Issue 3: Dictationship

The Unproductive Character

Rivers Plasketes

One day it could happen that, reflecting on one’s own life, one realizes that all of the commitments and obligations broken were due to one’s being unproductive in the face of friends and enemies alike. Everyone agrees these are the traits of a “destructive character.” The unproductive character’s failure to act against the destruction of its cohorts reveals the invisibility of administrative indifference through complacency. The heavier the distinction between the unproductive, the destructive and the destroyed, the better the chances of representing the unproductive character. The unproductive character exists not in opposition, but adjacent to the destructive character, and this in its resistance to–or complete disregard for–representational forces that address it from both above and below.

The unproductive character knows only one watchword: waste time. And only one activity: doing nothing. Its longing for time lost in the unceasing and destructive continuation of “the course of things,” is stronger than any productive desire. It seeks to emphasize the routine of the present as that time already lost, considering the victories of the present as those already established. It observes but never allows itself the indulgence of spectatorship. It is a toy and seeks only to remain so. Functional or broken, it is a toy nonetheless.

The unproductive character has no age because it is with age. Neither for, nor against youth or wisdom. It is outside of its own accumulation. Its attitude is general and adaptable; easily abstracted. It cheers on as the destructive character clears away the traces of the age in which we live, but does so with an indifference that can make it easily mistrusted. The unproductive character’s trustworthiness forms proportionately with that of the destructive character, which is only trusted by cynics precisely because of its untrustworthiness. Untrustworthiness is a form used by others to legitimize contingency. The destructive character measures all that exists by scale of being reduced to nothing; leveled into rubble; flattened. The unproductive character serves as the site of this absolute flatness, always-already at the end of the destructive character's means.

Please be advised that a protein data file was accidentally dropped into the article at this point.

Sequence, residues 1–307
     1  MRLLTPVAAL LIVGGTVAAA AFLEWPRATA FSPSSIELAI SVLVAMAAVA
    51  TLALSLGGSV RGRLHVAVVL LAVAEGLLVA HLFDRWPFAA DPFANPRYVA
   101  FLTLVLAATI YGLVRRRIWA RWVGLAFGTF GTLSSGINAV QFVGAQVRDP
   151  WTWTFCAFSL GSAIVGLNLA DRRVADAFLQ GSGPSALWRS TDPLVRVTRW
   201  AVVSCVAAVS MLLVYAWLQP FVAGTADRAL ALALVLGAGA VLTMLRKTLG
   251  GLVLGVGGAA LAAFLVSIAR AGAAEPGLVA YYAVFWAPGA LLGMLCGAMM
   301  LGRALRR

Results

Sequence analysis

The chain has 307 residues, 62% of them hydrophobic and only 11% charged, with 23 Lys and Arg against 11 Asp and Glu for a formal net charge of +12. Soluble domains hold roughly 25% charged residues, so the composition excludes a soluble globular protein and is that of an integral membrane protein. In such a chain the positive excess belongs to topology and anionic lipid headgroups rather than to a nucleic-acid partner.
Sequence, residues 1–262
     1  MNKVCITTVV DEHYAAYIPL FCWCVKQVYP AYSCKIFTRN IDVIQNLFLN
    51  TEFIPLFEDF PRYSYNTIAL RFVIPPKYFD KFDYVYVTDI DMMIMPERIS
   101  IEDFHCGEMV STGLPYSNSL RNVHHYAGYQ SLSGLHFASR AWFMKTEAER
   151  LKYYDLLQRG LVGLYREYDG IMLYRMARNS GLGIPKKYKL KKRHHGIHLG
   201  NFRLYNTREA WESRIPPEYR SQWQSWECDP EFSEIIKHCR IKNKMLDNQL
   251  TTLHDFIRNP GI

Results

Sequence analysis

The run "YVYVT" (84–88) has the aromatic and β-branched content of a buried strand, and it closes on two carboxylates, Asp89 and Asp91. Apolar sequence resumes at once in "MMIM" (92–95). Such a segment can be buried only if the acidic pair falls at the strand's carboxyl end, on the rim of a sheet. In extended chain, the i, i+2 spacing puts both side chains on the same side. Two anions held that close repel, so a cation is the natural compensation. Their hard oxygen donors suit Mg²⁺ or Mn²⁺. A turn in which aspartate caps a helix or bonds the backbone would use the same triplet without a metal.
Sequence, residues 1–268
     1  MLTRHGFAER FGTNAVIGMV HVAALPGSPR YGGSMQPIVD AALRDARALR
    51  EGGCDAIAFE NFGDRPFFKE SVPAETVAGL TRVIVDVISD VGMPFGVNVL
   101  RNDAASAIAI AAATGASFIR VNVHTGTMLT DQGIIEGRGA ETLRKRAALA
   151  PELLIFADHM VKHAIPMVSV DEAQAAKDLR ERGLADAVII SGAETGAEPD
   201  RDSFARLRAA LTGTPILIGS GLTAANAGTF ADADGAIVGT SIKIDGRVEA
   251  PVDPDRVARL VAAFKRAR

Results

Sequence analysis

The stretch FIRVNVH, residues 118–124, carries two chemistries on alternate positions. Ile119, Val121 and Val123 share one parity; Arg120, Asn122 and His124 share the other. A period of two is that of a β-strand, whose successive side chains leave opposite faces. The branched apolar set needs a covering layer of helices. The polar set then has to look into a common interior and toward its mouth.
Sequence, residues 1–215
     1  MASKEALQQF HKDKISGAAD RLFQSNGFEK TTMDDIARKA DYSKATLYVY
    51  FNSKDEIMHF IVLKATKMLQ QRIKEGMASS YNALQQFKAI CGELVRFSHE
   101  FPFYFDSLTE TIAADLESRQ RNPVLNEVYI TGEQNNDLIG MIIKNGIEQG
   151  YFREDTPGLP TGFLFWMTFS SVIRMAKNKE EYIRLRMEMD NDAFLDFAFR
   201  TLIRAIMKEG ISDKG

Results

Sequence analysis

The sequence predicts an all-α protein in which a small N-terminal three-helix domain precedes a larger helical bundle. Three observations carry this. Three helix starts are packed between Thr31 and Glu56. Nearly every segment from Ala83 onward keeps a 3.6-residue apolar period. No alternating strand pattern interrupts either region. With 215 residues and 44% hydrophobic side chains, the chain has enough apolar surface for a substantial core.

The object of the unproductive character’s labor is nothing more than preserving its own character in the face of destruction. Its ethics, or lack thereof, are calculated to the point of automation. Its alienation—though unrecognizable—lies in its inability to act out of its own accord, merely performing mediation for the destructive forces that had appointed it. The unproductive character avoids the indulgence of unnecessary innovation and embraces abstraction in order to remain faceless to anyone lacking destructive tendencies, including itself. It is a point from which all departures are rendered null. The only threat to its solace is accountability.

The unproductive character witnesses the efficacy of the destructive character, joining in the contamination of any potential action exercised by the productive character, like a spiteful leech without an appetite. The unproductive character thus neutralizes any desire for production.

The unproductive character is a continuous boundary, exposed to idle talk on all sides. To protect it from gossip is as pointless as expecting an indulgent response. The unproductive character appropriates language that is not its own and destroys it by rendering it meaningless, or culturally insignificant. The insufficient reasoning of the unproductive character mirrors the crippling nature of managerial moderation, which produces a superficial and immediate understanding of occurrences without reason, void of any meaning other than meaning itself.

The unproductive character does not seek to produce understanding, but is understood nonetheless, just as the broken object is more understood than the object that functions with high complexity. While things are expected to work, they are just as much expected not to work, after it is established that they are broken. It’s obedience to flatness protects it from the destructive cycles put forth by others. The unproductive character promotes the misunderstanding of the destructive character, but doesn’t realize that this is precisely what the destructive character expects and desires of it. The point of realization is thus a point of contradiction, which the unproductive character wears proudly.

The unproductive character has the consciousness of an idyllic statue or a broken machine whose deepest emotion is an insuperable trust that “the course of things” is to stay the same. This trust in “the course of things” is neither a trust in destruction itself, nor trust in the destroyed, but nonetheless assists the former through bureaucratic abstraction. Therefore, the unproductive character is unreliability itself, for it knows that anything and everything can go wrong at any given time, and that this will always more or less be the same. The unproductive character’s composure is never as natural as it seems, and never will it seem to be.

The unproductive character lives from the feeling not that life is worth living, but that suicide is not worth the trouble.